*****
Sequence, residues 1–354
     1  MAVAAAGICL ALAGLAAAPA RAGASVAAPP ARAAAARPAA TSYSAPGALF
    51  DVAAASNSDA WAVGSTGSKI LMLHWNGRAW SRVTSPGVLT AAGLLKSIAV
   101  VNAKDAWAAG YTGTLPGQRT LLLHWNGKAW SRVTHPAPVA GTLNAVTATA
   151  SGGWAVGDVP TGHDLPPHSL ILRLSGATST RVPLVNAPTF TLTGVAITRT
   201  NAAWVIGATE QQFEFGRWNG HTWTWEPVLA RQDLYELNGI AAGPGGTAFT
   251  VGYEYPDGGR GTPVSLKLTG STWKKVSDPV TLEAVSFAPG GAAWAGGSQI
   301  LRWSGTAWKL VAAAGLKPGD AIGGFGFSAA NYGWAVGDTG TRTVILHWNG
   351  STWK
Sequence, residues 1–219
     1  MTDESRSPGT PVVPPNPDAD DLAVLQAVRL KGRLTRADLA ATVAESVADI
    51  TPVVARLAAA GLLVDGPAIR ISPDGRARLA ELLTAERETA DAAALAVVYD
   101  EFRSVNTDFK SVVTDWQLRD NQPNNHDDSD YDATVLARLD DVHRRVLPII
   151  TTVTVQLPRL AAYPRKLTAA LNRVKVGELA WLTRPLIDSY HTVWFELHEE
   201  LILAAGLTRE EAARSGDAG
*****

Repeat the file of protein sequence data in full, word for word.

Sequence, residues 1–354
     1  MAVAAAGICL ALAGLAAAPA RAGASVAAPP ARAAAARPAA TSYSAPGALF
    51  DVAAASNSDA WAVGSTGSKI LMLHWNGRAW SRVTSPGVLT AAGLLKSIAV
   101  VNAKDAWAAG YTGTLPGQRT LLLHWNGKAW SRVTHPAPVA GTLNAVTATA
   151  SGGWAVGDVP TGHDLPPHSL ILRLSGATST RVPLVNAPTF TLTGVAITRT
   201  NAAWVIGATE QQFEFGRWNG HTWTWEPVLA RQDLYELNGI AAGPGGTAFT
   251  VGYEYPDGGR GTPVSLKLTG STWKKVSDPV TLEAVSFAPG GAAWAGGSQI
   301  LRWSGTAWKL VAAAGLKPGD AIGGFGFSAA NYGWAVGDTG TRTVILHWNG
   351  STWK
Sequence, residues 1–219
     1  MTDESRSPGT PVVPPNPDAD DLAVLQAVRL KGRLTRADLA ATVAESVADI
    51  TPVVARLAAA GLLVDGPAIR ISPDGRARLA ELLTAERETA DAAALAVVYD
   101  EFRSVNTDFK SVVTDWQLRD NQPNNHDDSD YDATVLARLD DVHRRVLPII
   151  TTVTVQLPRL AAYPRKLTAA LNRVKVGELA WLTRPLIDSY HTVWFELHEE
   201  LILAAGLTRE EAARSGDAG